The majority of projects in NeuroPsyLab fall under one of these three categories.

From research to application: Develop an accessible digital platform for neurocognitive assessments
The timely identification of cognitive potential is crucial for improved decision-making for education and intervention. As research often takes years to find widespread application, we are expediting the process by making measures we create available to all. What we aim is to program our measures as self-administered digitally based tests.  Digitally available self-administered tests have several advantages for educational and clinical practice. Advantages include performing the test at home or in the classroom, it is more cost-effecting, it is more convenient, and provides improved options for monitoring cognitive change.

Cognitive Development: Quantification of mental-attentional capacity
Cognitive abilities improve dramatically over childhood and adolescence.  One core cognitive ability that improves with age is mental-attention.  Mental-attention corresponds to the amount of information a child can hold and process in mind; it is the maturational component of working memory.  What we aim to understand is how and when mental-capacity improvements occur.  Can we assign a numerical value to these changes and would this quantification be the same across domains?  How is mental-attentional capacity affected in children with cognitive difficulties?  In a series of behavioural and neuroimaging studies, we are exploring the mechanisms that drive these changes.  A mentor and collaborator on this work is Dr. Juan Pascual-Leone, a developmental psychologist, and constructivist theoretician, with academic roots tracing back to Jean Piaget.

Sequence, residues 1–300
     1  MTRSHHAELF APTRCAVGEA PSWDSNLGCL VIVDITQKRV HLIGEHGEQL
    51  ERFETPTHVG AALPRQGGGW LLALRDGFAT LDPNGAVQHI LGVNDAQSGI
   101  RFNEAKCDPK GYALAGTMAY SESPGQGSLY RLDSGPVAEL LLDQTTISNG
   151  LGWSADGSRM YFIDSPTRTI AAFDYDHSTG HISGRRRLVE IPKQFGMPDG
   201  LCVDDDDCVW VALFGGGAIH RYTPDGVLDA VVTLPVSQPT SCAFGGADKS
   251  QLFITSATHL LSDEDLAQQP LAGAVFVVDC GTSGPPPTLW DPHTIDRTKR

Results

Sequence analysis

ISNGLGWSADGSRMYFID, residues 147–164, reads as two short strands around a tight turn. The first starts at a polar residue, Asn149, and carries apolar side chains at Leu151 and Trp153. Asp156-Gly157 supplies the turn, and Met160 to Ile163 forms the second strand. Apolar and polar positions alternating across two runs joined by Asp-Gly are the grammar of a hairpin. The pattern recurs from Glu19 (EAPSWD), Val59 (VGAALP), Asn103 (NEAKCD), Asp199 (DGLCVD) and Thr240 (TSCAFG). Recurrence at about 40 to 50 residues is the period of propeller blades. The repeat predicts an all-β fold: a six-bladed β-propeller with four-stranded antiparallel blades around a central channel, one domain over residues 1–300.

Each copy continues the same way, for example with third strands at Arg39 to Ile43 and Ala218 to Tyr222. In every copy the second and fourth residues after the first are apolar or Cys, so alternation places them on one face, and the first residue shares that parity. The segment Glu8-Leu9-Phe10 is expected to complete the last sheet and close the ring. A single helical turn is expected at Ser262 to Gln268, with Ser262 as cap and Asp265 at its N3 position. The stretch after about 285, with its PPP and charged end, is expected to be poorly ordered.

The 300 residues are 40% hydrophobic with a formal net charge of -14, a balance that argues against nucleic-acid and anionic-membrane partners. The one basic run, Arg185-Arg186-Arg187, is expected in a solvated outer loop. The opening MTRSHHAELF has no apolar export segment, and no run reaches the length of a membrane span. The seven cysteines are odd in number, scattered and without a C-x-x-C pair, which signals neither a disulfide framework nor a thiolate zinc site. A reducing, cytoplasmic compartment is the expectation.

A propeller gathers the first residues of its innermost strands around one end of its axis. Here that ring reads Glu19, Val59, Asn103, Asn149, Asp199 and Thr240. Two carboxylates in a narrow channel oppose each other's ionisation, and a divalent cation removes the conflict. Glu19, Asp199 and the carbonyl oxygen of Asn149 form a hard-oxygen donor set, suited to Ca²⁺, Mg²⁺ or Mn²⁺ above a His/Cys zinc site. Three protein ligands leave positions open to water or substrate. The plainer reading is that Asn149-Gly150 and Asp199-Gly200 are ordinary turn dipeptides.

Modeling brain-behaviour relations
What are the brain areas responsible for processing faces, solving mathematical problems, or x?  Substitute x with a function that is relevant to an interesting topic we are working on.  Neuroimaging research is booming and it is easy to hastily identify studies that may support one hypothesis or another.  To really get a sense of the state of the art on a topic we conduct systematic meta-analyses to create topographical models that identify significant concordance across studies.

Artwork with permission by young friends of the Neuropsy Lab.